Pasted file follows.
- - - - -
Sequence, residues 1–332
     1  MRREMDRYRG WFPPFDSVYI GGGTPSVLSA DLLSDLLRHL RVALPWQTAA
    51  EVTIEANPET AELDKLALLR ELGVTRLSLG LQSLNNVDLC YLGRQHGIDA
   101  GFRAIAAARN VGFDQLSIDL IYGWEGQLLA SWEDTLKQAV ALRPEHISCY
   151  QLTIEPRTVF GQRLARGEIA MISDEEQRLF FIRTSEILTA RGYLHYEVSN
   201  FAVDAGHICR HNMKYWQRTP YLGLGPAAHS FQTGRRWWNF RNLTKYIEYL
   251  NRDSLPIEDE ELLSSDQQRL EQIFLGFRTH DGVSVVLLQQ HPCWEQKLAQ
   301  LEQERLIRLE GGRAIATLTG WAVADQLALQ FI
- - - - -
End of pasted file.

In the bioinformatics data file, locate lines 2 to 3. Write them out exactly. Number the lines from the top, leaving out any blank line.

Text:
     1  MRREMDRYRG WFPPFDSVYI GGGTPSVLSA DLLSDLLRHL RVALPWQTAA
    51  EVTIEANPET AELDKLALLR ELGVTRLSLG LQSLNNVDLC YLGRQHGIDA